Bear in mind that most spiders won’t bite unless they feel threatened, so leaving them alone can be the best course of action if you see them outside.

If a spider is inside your tent and you’re not sure whether it’s venomous, get the heck out of there. It’s better to make the identification from a safe distance!

Poisonous Versus Venomous

If you’re wondering why I’m saying it’s venomous instead of poisonous, it’s because you probably aren’t going to be eating any spiders. 

Poison is ingested through food or liquid. Venom enters your body through a bite or sting. 

Black widow spider

7 Tips for Keeping Spiders Out of Your Tent

Here are some quick tips for how to keep spiders out of your tent:

1. Check your tent for holes 

Before heading off on your camping trip, you should put up your tent in the yard and check it for holes or tears. If you find some, fix them with a patching kit or put duct tape over the vulnerable spots at the very least.

2. Zip up the tent door fully 

You’ll probably be coming and going from the tent a lot on your camping trip, but don’t be tempted to leave the door open.

To prevent spiders and insects from finding their way into your sleeping compartment, you need to fully zip it up every time you come and go. 

3. Shake out your clothes 

If you leave clothes lying around the campsite, spiders could crawl into them and then end up in your tent when you bring the clothes inside.

Try to keep all your things zipped safely inside your tent, and make sure you give them a good shake out if you accidentally leave them outside.

You should also shake out your boots before putting them on, in case spiders or snakes are hiding in them.

To learn more, here is an article on how to avoid snakes while camping.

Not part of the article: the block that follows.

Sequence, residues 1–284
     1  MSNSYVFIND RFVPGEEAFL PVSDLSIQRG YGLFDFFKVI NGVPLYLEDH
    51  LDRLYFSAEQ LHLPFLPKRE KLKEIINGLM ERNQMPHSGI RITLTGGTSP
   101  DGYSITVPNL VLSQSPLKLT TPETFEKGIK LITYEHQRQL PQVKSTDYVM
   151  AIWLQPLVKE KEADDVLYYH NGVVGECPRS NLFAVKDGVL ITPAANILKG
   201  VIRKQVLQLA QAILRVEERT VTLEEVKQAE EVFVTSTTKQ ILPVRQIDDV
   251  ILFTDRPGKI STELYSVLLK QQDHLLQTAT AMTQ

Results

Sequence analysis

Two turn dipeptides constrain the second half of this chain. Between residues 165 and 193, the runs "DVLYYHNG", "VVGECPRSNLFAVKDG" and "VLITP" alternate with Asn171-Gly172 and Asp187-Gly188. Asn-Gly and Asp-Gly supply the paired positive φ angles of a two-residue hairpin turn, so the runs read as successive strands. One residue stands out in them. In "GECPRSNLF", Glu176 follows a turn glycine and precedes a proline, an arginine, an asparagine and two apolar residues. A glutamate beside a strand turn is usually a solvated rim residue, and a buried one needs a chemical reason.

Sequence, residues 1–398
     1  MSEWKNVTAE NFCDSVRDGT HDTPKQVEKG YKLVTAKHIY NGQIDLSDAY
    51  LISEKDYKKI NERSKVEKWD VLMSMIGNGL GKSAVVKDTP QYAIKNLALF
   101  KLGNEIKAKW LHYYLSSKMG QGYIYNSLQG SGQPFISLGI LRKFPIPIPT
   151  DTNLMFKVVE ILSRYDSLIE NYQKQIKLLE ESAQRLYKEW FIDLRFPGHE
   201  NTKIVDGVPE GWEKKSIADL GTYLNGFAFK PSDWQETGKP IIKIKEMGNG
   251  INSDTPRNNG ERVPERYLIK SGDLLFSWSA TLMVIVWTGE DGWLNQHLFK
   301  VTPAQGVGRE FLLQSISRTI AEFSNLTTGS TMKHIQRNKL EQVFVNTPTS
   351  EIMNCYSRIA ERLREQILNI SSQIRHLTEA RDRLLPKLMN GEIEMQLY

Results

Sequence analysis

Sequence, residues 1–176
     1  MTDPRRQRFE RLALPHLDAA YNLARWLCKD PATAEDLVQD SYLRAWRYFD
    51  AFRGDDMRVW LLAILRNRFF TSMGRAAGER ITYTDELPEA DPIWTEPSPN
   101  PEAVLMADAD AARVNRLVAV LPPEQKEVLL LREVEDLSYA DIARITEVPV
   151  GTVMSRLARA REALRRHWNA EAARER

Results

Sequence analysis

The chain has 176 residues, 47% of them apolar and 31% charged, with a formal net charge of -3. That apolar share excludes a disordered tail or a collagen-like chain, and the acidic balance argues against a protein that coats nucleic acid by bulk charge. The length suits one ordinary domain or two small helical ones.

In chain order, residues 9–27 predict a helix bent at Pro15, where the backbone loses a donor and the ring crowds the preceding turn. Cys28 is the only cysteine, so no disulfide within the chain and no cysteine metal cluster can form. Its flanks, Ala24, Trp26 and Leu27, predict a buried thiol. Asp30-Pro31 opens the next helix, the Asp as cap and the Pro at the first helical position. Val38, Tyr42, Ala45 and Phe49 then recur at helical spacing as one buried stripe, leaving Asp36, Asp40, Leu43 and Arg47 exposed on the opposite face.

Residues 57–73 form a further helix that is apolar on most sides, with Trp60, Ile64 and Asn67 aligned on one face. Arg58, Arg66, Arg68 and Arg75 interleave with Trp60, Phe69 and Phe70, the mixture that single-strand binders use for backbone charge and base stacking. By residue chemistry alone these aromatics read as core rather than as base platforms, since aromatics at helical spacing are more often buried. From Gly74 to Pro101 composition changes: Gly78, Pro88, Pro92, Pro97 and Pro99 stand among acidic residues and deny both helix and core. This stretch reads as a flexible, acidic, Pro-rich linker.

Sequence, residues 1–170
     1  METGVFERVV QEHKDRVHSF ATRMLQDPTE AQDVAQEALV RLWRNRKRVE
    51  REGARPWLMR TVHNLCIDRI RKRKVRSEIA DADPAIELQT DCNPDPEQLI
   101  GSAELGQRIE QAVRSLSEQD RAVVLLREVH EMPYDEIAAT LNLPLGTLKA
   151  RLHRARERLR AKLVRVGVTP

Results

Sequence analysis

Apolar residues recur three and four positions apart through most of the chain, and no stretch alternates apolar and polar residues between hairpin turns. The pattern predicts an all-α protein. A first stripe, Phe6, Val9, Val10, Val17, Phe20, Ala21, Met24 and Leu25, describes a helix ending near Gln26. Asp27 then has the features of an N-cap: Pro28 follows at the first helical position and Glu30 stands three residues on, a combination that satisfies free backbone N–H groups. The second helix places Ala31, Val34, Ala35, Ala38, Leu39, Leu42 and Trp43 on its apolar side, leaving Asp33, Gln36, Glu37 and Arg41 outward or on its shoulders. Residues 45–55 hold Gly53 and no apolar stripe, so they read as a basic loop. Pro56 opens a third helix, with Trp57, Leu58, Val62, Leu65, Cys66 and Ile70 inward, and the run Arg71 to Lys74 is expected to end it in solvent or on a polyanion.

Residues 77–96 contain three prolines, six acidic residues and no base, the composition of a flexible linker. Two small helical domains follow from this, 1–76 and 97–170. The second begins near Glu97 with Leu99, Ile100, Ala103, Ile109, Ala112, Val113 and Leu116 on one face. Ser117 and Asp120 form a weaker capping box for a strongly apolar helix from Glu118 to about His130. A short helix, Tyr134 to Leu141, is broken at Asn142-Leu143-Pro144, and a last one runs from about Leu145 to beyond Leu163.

4. Use a spider repellant spray

You can use an all-natural spider repellant spray to help discourage spiders. I would spray this all over my tent door and any seams if I were in an area with dangerous spiders.

Alternatively, you could use an essential oil like lavender mixed with water and spray it to deter spiders.

Just avoid any toxic chemicals in a tent because it’s a small space and you’ll end up breathing in some of them. 

5. Camp in a suitable spot 

Like I mentioned before, you want to camp away from standing water. This means you’ll have fewer bugs around that spiders feed on.

You should also try to find a nice, clear spot to pitch up, without lots of fallen leaves or undergrowth where spiders (or even snakes) might be living. 

6. Store your food properly

Store your food in containers so that you don’t attract bugs and spiders to your tent. You should also be careful about your trash because this can entice insects to invade your campground. 

7. Avoid scented toiletries 

Stick to scentless deodorant, and don’t spray yourself with floral perfumes. As lovely as these might smell, they will make you one giant bug magnet.

No one wants to smell like a spider snack!

Final thoughts

Creepy crawlies are an inevitable part of camping—and that’s not a bad thing! If it weren’t for spiders, loads more biting insects would be around. And if those insects didn’t exist, the whole food web would collapse.

It’s essential to take some steps to protect ourselves from venomous spiders, but all the tips in this article will help you keep them out of your tent.

If you are ever bitten and have any doubt about the spider’s identity, it’s much better to be safe and seek immediate medical help. 

I hope you found this article helpful, and I wish you many happy and spider-free adventures in the great outdoors. 

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Rachel Horne

Rachel is a freelance adventure writer and founder of Highly Sensitive Nomad. When she isn’t writing, she can be found wild camping in the mountains and swimming in the lakes of Europe.